Medically Reviewed By William C. Lloyd III, MD, FACS
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What is lymphedema?

Lymph is colorless fluid that circulates throughout your body. It flows through your lymphatic system—a network of lymphatic vessels, tissues and organs that help your body remove toxins and waste. Lymphedema occurs when there is an abnormal buildup of lymph just below your skin—in your body’s soft tissues—resulting in swelling. Lymphedema can affect many parts of the body, but it’s most common in the arms and legs.

Lymphedema is a chronic condition. It has no cure, but it can be medically managed in many cases. There are two types of lymphedema, primary and secondary. A defect in the lymphatic system itself causes primary lymphedema. This form is rare. Secondary lymphedema is the result of injury or damage to the system. Lymphedema symptoms progress through four stages.

While doctors cannot offer a cure for lymphedema, they work with patients on access to physical therapies and healthy living strategies to help manage the symptoms and improve quality of life.

What are the symptoms of lymphedema?

Lymphedema is most often caused by an injury to a lymph node, but the signs and symptoms may only begin weeks after the injury. Symptoms are evident in the limb or part of the body directly below the affected lymph nodes. There are four stages of lymphedema—from 0 to 3. The severity of lymphedema symptoms depends on the stage. They often begin in the extremities and move closer in to the center of the body as the condition progresses.

  • Aching pain or discomfort in the limb
  • Difficulty moving the limb and limited range of motion
  • Hard and thickened skin in the limb
  • Heavy or tight feeling in the limb
  • Infections in the limb
  • Swelling of part or all the affected part of your body, such as your fingers, hands or arm

Stage 0: The mildest stage of lymphedema. Your limb may feel heavy, but no obvious changes are seen.

Stage 1: You may notice puffiness in the affected limb. If you press down on the swelling, your skin doesn’t automatically come back up. This is pitting edema. If you elevate the swollen limb, the puffiness may go away.

Stage 2: The swelling is more evident and will not go away if you elevate the limb. Your skin may start to feel tougher and harder.

Stage 3: The swelling is pronounced and there may be fluid leaking directly from your skin. The skin on the affected limb may feel very dry and scaly.    

Lymphedema itself is not a life-threatening condition, but it does put you at risk for serious infections, which can lead to tissue death or sepsis. Regular medical care with a vascular specialist can help reduce the risk of lymphedema complications.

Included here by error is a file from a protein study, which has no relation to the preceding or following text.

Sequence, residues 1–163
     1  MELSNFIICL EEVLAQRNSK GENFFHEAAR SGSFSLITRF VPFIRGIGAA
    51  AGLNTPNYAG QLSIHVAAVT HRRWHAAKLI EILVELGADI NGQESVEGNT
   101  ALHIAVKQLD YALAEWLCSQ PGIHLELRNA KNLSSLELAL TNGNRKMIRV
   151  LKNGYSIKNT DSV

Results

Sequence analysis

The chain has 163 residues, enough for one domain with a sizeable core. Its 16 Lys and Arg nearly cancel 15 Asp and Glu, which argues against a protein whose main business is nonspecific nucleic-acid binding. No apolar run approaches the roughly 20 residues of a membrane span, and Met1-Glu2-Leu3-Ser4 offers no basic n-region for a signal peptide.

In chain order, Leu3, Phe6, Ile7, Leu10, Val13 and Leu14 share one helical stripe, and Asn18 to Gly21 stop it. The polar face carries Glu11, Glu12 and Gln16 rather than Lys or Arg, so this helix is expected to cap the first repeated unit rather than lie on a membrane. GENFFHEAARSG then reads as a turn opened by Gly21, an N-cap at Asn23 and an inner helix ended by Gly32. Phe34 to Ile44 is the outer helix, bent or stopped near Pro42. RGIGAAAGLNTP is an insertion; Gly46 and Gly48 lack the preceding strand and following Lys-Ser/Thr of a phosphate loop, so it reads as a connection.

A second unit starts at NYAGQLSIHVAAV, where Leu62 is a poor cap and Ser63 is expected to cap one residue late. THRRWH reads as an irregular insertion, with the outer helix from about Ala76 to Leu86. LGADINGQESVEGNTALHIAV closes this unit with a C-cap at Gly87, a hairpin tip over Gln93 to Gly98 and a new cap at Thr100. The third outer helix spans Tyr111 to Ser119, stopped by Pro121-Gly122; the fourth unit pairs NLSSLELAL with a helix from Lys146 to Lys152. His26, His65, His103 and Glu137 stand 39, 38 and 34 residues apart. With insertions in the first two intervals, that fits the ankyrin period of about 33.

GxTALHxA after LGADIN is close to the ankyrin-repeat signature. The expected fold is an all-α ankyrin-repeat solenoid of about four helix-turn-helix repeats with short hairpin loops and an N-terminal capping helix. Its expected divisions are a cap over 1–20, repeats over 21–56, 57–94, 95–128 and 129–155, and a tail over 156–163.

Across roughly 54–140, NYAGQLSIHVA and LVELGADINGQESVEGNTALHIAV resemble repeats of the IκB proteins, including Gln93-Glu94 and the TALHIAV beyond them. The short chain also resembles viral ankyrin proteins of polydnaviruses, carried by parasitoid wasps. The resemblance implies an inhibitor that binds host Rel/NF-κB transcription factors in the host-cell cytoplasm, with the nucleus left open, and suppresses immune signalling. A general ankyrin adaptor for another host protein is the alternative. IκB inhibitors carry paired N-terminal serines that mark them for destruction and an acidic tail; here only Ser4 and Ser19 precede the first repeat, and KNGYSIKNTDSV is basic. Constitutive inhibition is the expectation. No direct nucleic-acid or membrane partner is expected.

What causes lymphedema?

Lymphedema develops when your lymph cannot drain properly through a lymph node or if the lymphatic system is damaged. This is lymphatic obstruction.

Primary lymphedema—caused by a defect in the lymphatic system due to either inherited or acquired genetic defects or syndromes—is rare. Secondary lymphedema is more common. It is caused by lymph node damage or removal, interfering with normal lymph drainage. Lymph nodes may be damaged by:

  • Cancer
  • Infection
  • Injury
  • Radiation treatment
  • Scar tissue
  • Surgery including lymph node removal for biopsy or cancer

What are the risk factors for lymphedema?

The most common cause of lymphatic obstruction leading to lymphedema is surgery for cancer treatment. The lymph node may be removed or damaged during the procedure.

Although surgeons try to limit the number of lymph nodes they must remove, removal is more common with some types of cancer surgeries. These include surgery for these types of cancers:

Other risk factors include:

Reducing your risk of lymphedema

Because cancer surgery is the greatest risk factor for lymphedema, preparing and planning ahead for surgery and your recovery is the best way to reduce your risk. Ask your surgeon about the extent of surgery and how many lymph nodes—if any—will be removed. If your surgeon removes lymph nodes, take steps to reduce the likelihood of problems, such as regular physical activity and maintaining a healthy weight. You may also want to discuss with your surgeon about minimizing lymph node or lymphatic vessel damage during surgery.

How is lymphedema treated?

Lymphedema cannot be cured, but therapies and certain lifestyle changes can help manage it. Lymphedema treatments and strategies include:

  • Getting regular physical exercise, particularly of the affected limb
  • Wearing a compression sleeve or stocking—as directed by your doctor
  • Having regular lymphatic massages by a qualified massage therapist
  • Keeping the skin on the affected limb clean and moisturized
  • Losing weight if you are overweight or obese

What are the potential complications of lymphedema?

Aside from the discomfort that lymphedema may cause, you may be at risk for developing a serious infection in the affected limb. An infection in your skin, called cellulitis, or in the lymph vessels, called lymphangitis, should be treated as quickly as possible.

Rarely, some people with untreated lymphedema may develop a rare form of soft tissue cancer called lymphangiosarcoma.

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Medical Reviewer: William C. Lloyd III, MD, FACS
Last Review Date: 2020 Jan 24
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